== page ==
Just a friendly reminder...
- 7Oct 31, '12 by wish_me_luckHello,
Okay, so after reading many articles on Hurricane Sandy, I realized that some people did not take personal responsibility and prepare for the storm; then, they whined that the government is too slow in responding. At the bottom of the news pages, there's all the comments blaming presidents and such. I realized that people truly like to play the blame game in any situation to relieve personal responsibility, not just this storm.
Each presidential candidate has their ideas and such, but there are more people than just them responsible for the condition of the country or to be more specific, your state. There are legislatures in each state and the local governments that probably have a larger impact on the living conditions (employment, aid, etc.) in each area than the president has. So, please, if you don't like something or disagree with an issue or you agree with something and want it passed, please write your legislature and also, vote. I think we all (or most of us) vote, but beyond the elections, people complain about whatever politician is in office. There are things you can do to try and change what you don't like--write your legislature, attend rallies, sign petitions, volunteer for a cause you believe in, etc.
I just got the feeling that people are becoming passive and just want to complain instead of being active and changing what they do not like.
Just a friendly reminder...
- 3Nov 1, '12 by MedChicaI haven't been on this earth that long but it does feel as though people are way more passive than they used to be. Dependant on the govt.
The hurricanes? Well, I hate to begin with this over-used comment, but 'as someone who lived along the Fl gulfcoast' for close to 10 years?
This isn't surprising. Actually, I would expect more in that area to stick around b/c hurricanes don't really swing 'thataway'. I think that, because people can't see the threat or visualize a little wind/rain doing much, they're slower to respond.
I can almost understand them for not leaving. I almost blew it off, "Ah, it's just a Cat 1!" before I caught myself.
Cat 1's can do damage, too.
Where I was in S. Florida, people always waited until THE last minute to do their hurricane shopping...and that summer when we had hurricane after hurricane hitting the gulf?
They'd wait until the day BEFORE the hurricane arrived to leave the low-lying areas. The smart people sought higher ground 5 days ago. They'd wait until the last minute to gas up then complain about gauging. The smart people stocked up days before.
Everyone doesn't leave, either.
In the news, this is what you hear from these people', "Oh, we're gon' stick it out." ; "We've done this before...." ; "We're gon' ride it out" ; "Oh, my trailer can withstand 100 mph winds..."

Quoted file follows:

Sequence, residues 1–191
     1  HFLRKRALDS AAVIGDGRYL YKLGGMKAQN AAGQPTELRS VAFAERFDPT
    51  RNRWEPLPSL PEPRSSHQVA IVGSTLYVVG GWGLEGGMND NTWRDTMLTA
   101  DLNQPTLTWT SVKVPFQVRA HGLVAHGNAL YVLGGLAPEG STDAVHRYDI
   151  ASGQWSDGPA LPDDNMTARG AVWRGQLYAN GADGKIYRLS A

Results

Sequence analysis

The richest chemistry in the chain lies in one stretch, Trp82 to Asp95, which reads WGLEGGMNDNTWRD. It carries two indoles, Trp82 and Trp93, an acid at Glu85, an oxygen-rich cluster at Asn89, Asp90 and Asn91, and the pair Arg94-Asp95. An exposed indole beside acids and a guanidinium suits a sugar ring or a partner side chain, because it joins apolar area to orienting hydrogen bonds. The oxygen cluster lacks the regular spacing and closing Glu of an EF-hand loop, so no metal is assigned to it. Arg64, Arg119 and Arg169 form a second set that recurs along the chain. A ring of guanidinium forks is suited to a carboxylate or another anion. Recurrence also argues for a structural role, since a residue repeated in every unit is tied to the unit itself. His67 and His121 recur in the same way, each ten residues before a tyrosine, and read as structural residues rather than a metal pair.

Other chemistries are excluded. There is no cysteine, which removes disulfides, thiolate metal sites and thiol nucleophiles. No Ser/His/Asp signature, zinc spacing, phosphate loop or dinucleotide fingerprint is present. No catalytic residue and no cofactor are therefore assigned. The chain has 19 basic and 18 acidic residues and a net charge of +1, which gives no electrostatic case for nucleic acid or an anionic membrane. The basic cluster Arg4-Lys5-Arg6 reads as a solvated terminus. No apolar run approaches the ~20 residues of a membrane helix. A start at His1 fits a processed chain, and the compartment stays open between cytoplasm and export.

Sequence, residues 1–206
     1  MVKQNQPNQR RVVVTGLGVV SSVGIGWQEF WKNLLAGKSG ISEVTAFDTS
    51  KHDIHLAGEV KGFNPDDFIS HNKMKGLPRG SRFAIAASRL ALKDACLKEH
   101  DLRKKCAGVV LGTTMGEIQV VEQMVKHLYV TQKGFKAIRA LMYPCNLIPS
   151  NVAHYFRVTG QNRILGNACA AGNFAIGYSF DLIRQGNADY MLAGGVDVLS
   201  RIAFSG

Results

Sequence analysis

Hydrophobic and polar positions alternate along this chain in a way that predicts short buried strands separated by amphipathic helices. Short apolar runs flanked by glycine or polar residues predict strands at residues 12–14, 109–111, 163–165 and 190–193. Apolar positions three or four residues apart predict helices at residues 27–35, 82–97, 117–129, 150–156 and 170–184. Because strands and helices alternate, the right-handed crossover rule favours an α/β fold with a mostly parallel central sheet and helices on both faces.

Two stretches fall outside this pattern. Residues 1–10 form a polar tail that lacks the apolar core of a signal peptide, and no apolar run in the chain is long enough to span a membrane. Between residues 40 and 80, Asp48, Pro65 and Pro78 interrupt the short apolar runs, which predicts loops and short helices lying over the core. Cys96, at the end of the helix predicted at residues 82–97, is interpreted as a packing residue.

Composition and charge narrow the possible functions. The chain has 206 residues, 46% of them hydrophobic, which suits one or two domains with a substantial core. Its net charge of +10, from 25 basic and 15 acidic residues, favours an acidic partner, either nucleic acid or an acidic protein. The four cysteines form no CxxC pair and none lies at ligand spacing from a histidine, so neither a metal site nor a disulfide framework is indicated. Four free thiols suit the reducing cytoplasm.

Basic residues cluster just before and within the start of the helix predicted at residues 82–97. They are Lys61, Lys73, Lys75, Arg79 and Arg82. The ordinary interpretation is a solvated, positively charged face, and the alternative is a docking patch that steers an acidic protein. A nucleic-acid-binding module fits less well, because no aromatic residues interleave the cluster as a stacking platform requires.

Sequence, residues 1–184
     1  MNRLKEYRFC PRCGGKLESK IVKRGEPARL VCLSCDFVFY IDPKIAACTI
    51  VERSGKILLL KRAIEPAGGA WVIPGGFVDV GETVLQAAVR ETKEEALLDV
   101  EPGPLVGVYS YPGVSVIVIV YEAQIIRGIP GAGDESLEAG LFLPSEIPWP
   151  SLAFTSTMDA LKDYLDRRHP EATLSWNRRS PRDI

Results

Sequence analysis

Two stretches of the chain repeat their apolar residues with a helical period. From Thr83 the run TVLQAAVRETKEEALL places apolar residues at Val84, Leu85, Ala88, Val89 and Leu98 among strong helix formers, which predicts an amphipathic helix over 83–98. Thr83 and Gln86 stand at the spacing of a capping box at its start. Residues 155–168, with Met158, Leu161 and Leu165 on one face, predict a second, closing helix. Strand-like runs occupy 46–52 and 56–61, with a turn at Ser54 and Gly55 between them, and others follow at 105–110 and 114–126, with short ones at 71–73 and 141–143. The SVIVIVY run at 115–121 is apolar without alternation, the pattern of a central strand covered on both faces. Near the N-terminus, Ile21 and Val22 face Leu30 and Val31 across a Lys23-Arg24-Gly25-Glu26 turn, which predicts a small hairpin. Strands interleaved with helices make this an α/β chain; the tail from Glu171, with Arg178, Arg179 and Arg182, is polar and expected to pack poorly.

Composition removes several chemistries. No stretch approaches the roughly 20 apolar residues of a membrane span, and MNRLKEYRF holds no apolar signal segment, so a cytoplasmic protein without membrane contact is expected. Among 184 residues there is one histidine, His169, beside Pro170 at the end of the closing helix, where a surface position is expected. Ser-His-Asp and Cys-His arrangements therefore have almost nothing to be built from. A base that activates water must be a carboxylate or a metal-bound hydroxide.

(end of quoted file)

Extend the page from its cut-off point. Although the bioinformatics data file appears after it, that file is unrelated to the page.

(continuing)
Hurricane hits and guess who's calling 9/11 screaming, 'Save me' ?
...but help isn't coming. It's not safe for 'help' to travel. See, "help' has to cross a bridge to get to these waterfront properties and, sadly, they're always shut down...because of the storm surge, downed powerlines, debris in the roads, flooded streets. Because of the WIND that can sweep your car right off the highway!
Thing that kills me? When people complain because the crews can't turn their electricity on fast enough in the aftermath of the weather event. When Hurricane Frances practically took a vacation over Fl and dumped all of that water on us? That's precisely what happened. It's not right. These guys are working 'round-the-clock'. They're doing their best.
"We don't have any food...what will we eat?"
"We don't have water...what will we drink?"
"I can't see tv...!"
If a mass casualty situation every hit this country? A large amt of the public isn't going to make it. They don't have it within them to survive w/o someone holding their hand.
I told a friend who still lives in fl - and had neglected to stock up on hurricane supplies during the tax holiday - that she needs to move to Missouri, Texas, Ok, Nebraska, etc...
Because...when you live in 'Tornado Alley'?
You don't get a full WEEK to piddle around while you make life and death decisions for yourself and your family. LOL
You get minutes, honey. MINUTES.
I was in Devine visiting my mother when they broadcast a 'sighting' and told the listener to 'seek immediate shelter'.
I made a beeline for the basement with a pee trail behind me!
Have you ever seen a tornado 'funneling' up in the sky? It's majestic. Beautiful...but, frightening.